Most historic preservation students at the University of Georgia go on a pilgrimage to Savannah, Georgia during the fall of our first year in the program. Our fearless leader, Professor Waters, recently returned from Savannah with his first undergraduate Introduction to Preservation class, and it got me reminiscing about our class’s trip in 2010.
Professor Water’s trip to Savannah is an absolute whirlwind; there of several days of house museums, lectures, and the notorious “death march” throughout the historic district squares, not to mention our “after hours” explorations. On one of our long days of historic district marching, we stopped at the Hilton Savannah DeSoto hotel to for a break. On my way into the lobby, this gorgeous, yet lonely tile grabbed my attention. I found out later, it was one of the original ornamental tiles from the Old DeSoto Hotel.
Savannah, like Charleston, is a model community for historic preservation, having some of the first designated historic districts in the country. The old DeSoto Hotel, was one of the significant casualties in Savannah during the early years of district designation. Hotel DeSoto opened in 1890 and was revered as one of William Gibbons Preston’s masterpieces. Unfortunately, the Hilton chain demolished the hotel in 1968 because it didn’t have air conditioning. They did save some of the terracotta ornamentation (like the tile above) and photographs from the original hotel, and these remaining artifacts are on display at the hotel’s entrance and in the lobby.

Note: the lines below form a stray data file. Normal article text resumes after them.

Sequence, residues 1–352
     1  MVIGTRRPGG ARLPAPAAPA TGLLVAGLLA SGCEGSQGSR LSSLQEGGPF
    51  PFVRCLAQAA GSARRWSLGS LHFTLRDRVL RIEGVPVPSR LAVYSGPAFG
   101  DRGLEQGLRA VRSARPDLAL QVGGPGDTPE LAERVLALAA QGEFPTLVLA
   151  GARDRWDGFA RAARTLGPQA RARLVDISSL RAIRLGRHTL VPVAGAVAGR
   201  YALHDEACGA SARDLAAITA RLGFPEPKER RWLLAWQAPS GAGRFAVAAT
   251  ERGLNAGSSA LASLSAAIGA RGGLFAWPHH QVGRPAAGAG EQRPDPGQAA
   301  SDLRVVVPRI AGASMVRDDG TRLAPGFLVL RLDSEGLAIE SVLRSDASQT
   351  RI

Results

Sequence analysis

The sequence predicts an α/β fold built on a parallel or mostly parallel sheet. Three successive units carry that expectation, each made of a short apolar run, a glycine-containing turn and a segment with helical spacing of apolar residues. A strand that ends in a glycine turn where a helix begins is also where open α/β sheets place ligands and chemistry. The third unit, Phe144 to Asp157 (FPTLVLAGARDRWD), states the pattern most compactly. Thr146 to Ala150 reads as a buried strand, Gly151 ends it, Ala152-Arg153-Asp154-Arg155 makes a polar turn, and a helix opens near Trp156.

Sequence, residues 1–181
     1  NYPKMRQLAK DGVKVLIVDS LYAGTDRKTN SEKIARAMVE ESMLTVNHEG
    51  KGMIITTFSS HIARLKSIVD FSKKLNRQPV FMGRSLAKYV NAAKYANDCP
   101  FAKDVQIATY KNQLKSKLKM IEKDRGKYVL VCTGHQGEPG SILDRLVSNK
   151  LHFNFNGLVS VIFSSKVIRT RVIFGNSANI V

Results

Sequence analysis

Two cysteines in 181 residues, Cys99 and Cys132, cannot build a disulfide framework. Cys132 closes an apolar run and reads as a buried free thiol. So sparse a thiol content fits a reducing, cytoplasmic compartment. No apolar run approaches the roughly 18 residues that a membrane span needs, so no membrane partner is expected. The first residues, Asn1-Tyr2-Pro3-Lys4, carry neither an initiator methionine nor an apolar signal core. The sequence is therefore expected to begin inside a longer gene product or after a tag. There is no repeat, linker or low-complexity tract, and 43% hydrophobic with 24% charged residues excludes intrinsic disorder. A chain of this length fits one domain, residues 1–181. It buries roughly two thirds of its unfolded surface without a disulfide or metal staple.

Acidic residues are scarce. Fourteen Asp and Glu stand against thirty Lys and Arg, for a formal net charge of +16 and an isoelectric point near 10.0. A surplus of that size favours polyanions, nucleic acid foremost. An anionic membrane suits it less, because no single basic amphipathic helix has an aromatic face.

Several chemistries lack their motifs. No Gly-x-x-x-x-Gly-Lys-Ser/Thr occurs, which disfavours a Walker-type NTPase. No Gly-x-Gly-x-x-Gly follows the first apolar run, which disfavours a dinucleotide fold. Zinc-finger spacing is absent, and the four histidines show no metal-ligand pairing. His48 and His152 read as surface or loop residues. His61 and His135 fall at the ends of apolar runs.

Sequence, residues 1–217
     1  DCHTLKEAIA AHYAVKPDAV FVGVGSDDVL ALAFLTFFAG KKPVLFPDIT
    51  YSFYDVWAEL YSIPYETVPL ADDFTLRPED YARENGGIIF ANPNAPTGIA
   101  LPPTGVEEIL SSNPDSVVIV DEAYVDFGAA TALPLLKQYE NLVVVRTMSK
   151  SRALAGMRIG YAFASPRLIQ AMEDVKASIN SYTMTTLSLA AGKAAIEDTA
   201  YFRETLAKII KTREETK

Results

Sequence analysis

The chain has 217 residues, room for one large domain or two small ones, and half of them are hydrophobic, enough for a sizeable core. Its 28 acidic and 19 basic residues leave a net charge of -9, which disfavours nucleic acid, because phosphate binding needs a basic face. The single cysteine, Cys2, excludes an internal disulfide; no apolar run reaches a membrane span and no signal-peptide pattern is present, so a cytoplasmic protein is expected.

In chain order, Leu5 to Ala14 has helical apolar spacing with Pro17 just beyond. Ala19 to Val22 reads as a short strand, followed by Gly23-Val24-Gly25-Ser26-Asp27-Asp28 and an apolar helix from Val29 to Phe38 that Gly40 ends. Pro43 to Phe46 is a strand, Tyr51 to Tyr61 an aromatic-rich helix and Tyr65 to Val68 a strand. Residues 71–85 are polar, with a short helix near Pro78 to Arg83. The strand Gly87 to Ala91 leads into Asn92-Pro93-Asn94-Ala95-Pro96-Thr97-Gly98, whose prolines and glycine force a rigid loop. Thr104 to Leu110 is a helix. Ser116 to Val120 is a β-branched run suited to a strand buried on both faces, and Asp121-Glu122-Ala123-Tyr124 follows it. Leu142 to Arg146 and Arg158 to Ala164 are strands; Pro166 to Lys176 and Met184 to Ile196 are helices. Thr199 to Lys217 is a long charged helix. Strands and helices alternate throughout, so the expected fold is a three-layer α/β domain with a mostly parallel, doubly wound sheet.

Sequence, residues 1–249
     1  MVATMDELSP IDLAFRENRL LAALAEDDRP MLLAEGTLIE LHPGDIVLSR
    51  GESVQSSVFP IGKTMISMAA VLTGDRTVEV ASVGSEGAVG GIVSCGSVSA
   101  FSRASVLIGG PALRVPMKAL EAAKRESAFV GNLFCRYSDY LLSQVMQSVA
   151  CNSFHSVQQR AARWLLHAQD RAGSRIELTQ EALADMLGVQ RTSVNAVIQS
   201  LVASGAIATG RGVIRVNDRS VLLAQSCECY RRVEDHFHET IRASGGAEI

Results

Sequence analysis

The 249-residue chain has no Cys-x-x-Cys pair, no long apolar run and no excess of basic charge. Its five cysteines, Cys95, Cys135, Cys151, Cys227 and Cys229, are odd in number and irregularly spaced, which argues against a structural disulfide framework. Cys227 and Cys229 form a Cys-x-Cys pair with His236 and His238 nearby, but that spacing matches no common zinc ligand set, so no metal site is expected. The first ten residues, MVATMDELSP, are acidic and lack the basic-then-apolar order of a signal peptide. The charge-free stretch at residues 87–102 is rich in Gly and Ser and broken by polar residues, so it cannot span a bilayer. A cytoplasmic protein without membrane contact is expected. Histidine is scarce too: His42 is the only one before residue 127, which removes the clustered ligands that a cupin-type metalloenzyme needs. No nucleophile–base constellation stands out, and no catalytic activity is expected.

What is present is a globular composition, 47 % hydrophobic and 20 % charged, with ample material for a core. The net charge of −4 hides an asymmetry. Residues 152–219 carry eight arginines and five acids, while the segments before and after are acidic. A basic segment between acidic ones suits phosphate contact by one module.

William Gibbons Preston was a Boston architect, but was responsible for some of the most remarkable Romanesque buildings in Savannah. Some of Preston’s other Savannah works include, the Savannah Cotton Exchange, Poetter Hall (former armory now a SCAD building), and the former Chatham County Courthouse.